ABT was incredibly excited to be able to bring back this historic score that fall when they performed the ballet at the David H. Koch Theater.

So how did it get lost? I asked David.

ABT has a vast library of music for an ever-expanding repertoire. Every year, new works are introduced, and ABT has undergone a lot of change since 1940. At a certain point, the music office could not accommodate the sheer amount of papers they stored, and some of the music was moved to the warehouse, making space for the more modernized classics that were being performed. Though the score could also have been lost because ABT lends out music to other companies.

Once Britten’s score was found, many ballet companies wanted to perform Les Slyphides to the newly discovered music. It was exciting not just for ABT, but for the ballet community at large.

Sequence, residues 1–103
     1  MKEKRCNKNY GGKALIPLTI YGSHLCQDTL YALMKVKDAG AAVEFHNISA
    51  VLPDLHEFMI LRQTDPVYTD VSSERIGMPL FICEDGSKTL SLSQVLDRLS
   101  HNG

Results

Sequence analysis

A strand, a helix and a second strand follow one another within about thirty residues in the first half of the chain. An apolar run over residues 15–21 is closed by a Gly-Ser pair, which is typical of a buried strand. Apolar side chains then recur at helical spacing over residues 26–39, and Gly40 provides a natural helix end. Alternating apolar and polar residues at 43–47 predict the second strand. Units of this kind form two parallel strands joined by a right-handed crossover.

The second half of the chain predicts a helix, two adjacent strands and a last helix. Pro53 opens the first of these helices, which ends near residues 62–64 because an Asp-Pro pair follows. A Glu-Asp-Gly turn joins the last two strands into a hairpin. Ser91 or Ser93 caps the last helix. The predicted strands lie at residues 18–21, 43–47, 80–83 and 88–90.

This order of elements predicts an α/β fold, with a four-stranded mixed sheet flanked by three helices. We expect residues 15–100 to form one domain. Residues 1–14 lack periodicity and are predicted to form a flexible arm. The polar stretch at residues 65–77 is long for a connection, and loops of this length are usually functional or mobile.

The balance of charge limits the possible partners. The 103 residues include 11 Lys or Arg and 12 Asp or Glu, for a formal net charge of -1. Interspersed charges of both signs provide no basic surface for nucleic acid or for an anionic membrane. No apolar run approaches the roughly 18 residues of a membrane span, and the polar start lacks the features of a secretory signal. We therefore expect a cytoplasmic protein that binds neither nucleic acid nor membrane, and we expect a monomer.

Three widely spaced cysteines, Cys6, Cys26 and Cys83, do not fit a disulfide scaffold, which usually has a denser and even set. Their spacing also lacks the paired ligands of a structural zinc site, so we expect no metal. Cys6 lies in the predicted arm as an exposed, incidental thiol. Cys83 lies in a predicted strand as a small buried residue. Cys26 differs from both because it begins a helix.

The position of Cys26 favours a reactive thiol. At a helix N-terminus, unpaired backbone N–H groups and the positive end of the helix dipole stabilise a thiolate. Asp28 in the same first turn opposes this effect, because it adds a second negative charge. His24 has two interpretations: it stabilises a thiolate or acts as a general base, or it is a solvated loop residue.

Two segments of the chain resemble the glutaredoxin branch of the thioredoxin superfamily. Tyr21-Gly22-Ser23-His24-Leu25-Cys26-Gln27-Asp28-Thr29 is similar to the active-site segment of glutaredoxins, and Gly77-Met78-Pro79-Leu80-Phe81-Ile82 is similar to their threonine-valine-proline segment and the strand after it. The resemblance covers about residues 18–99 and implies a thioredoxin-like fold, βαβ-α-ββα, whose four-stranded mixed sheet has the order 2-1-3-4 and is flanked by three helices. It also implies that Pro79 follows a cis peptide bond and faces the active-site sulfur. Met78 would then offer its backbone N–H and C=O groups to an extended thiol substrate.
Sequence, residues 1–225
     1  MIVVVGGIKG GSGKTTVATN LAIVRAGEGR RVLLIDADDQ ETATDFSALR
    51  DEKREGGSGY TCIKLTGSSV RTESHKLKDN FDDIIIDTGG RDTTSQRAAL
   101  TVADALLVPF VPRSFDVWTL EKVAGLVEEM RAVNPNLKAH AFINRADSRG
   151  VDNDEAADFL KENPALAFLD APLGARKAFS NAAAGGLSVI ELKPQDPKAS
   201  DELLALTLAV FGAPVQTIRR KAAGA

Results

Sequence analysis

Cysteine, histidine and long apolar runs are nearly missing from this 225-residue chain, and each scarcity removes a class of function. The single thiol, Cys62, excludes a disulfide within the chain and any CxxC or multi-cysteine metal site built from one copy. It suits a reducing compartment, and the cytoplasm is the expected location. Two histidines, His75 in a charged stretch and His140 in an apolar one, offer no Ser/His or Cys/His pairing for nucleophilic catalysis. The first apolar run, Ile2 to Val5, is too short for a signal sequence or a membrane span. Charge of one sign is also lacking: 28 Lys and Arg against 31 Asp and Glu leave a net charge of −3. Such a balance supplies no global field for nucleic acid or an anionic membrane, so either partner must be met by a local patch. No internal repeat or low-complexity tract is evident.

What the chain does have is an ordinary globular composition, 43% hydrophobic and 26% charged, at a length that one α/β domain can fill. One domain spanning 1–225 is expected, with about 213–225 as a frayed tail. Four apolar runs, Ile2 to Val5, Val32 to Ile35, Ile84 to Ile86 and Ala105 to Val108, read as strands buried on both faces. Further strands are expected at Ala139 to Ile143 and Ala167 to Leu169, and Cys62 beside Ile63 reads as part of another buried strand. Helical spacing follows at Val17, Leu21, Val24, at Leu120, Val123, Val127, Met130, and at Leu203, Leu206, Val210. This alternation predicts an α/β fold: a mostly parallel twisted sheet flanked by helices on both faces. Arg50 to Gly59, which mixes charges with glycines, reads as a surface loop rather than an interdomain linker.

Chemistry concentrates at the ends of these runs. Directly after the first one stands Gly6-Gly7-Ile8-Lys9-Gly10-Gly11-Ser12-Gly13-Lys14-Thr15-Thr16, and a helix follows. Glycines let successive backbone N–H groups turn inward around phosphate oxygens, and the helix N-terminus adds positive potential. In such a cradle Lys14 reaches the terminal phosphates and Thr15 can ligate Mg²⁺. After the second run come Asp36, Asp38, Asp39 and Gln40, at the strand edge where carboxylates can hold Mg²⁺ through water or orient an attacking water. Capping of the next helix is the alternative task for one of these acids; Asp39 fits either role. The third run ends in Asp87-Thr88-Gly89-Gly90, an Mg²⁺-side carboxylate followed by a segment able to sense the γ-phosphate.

Things get lost, especially when they are at the mercy of the inevitability of passing time; we all know this. Each week on this blog, we look back to reflect and amplify the voices and stories that haven’t been widely shared before.

The hope is to think about the lessons we learned back then, and the lessens that we learn retroactively. There is always something new to gain from the past, and sometimes, we are lucky to get something back that once was lost. As was the case for Benjamin Britten’s score to Les Sylphide, it returned to its home at American Ballet Theatre and we are all the more better for it.

The writer, Bethany Beacham, joined ABT as Marketing Coordinator in 2020.